Authors:
 [1]
  1. Idaho National Laboratory
Publication Date:
Research Org.:
Idaho National Lab. (INL), Idaho Falls, ID (United States)
Sponsoring Org.:
MFC Safety and Compliance
OSTI Identifier:
1498077
Report Number(s):
INL/CON-18-51894-Rev000
DOE Contract Number:  
AC07-05ID14517
Resource Type:
Conference
Resource Relation:
Conference: Waste Management Symposium 2019, Phoenix, Arizona, 03/03/2019 - 03/07/2019
Country of Publication:
United States
Language:
English
Subject:
99 - GENERAL AND MISCELLANEOUS; Sodium potassium, NaK, treatment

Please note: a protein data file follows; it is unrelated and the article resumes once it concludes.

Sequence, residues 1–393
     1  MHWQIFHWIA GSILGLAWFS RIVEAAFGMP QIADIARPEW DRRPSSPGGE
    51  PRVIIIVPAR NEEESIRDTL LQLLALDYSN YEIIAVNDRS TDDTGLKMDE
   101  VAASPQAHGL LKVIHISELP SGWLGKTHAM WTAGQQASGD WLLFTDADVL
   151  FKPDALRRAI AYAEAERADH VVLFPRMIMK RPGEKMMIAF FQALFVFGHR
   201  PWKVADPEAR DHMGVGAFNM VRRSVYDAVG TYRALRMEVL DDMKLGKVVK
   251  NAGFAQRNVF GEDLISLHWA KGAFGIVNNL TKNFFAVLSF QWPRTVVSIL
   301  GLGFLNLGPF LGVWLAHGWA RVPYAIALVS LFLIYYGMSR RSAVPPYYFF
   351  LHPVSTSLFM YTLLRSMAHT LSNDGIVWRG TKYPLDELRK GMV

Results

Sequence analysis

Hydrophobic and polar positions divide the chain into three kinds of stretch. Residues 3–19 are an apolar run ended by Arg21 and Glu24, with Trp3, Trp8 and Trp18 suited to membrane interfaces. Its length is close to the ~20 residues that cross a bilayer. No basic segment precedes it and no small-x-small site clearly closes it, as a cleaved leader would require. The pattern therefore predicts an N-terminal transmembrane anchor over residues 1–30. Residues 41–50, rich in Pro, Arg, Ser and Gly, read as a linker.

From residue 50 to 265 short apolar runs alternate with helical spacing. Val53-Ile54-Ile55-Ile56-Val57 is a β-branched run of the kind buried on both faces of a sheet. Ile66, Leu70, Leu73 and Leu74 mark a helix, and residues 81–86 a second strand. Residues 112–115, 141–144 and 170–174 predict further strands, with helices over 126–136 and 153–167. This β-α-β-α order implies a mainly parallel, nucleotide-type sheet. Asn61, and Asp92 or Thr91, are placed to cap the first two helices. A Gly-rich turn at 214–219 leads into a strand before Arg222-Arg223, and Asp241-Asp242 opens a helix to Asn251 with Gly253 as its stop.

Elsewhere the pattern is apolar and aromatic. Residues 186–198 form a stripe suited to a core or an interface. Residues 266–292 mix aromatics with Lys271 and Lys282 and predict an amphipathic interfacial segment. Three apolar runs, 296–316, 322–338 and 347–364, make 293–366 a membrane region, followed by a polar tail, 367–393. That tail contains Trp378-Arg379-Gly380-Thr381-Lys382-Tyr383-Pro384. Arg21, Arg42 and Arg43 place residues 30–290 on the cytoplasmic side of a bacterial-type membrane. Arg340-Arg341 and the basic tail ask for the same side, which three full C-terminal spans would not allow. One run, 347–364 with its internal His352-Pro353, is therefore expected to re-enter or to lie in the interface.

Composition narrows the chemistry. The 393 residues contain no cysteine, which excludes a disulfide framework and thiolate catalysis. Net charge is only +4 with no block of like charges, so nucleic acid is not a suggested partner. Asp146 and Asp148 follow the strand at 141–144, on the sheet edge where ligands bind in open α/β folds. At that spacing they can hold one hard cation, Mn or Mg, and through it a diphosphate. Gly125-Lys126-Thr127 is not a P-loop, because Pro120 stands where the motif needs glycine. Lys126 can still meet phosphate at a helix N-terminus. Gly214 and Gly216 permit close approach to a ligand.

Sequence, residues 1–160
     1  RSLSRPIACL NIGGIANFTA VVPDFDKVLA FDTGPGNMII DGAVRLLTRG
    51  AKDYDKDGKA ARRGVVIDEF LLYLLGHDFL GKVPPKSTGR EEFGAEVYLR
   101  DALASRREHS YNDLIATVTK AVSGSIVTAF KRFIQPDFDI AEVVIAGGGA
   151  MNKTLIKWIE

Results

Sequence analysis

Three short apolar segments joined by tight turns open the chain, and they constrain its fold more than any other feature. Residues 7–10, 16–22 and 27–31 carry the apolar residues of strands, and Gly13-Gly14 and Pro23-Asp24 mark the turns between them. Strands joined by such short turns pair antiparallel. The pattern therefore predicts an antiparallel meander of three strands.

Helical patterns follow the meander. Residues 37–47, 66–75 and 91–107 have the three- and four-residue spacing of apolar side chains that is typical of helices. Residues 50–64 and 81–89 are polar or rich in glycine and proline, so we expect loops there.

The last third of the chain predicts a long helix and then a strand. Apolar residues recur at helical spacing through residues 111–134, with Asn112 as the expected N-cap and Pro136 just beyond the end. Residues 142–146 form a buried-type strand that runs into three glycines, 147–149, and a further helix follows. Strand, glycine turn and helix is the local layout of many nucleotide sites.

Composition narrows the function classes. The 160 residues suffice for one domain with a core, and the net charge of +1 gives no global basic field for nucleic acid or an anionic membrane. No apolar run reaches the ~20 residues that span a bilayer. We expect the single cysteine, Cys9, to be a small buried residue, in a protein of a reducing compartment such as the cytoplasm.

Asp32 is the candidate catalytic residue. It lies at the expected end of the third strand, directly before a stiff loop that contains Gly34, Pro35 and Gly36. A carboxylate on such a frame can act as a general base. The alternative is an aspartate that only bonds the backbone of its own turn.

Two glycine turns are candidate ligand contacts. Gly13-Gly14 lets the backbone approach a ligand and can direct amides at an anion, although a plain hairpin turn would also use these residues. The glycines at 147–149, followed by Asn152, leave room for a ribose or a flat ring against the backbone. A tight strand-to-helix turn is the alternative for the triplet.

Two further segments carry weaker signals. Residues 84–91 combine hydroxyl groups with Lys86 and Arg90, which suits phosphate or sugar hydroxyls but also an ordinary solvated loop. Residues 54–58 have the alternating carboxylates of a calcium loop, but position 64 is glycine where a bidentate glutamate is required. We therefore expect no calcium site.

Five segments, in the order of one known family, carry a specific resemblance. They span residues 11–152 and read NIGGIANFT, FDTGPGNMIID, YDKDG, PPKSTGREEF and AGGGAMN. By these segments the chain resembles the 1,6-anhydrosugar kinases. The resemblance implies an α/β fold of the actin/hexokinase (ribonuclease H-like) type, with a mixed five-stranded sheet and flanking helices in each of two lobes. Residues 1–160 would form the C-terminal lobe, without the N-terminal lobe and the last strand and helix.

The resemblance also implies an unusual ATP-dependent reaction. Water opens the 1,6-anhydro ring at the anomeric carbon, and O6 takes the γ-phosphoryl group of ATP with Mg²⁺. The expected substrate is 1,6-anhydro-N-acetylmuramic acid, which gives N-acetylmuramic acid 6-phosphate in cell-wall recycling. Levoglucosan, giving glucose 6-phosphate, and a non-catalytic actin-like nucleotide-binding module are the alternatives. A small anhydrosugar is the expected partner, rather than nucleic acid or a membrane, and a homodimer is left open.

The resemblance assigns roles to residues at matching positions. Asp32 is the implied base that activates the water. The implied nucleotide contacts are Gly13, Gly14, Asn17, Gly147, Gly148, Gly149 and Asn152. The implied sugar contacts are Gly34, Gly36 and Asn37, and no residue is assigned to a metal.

Citation Formats

Hart, Edward P. Handling and Treatment of Sodium-Potassium Alloy (NaK) after the Loss of Key Personnel – 19002. United States: N. p., 2018. Web.
Hart, Edward P. Handling and Treatment of Sodium-Potassium Alloy (NaK) after the Loss of Key Personnel – 19002. United States.
Hart, Edward P. Mon . "Handling and Treatment of Sodium-Potassium Alloy (NaK) after the Loss of Key Personnel – 19002". United States. https://www.osti.gov/servlets/purl/1498077.
@article{osti_1498077,
title = {Handling and Treatment of Sodium-Potassium Alloy (NaK) after the Loss of Key Personnel – 19002},
author = {Hart, Edward P},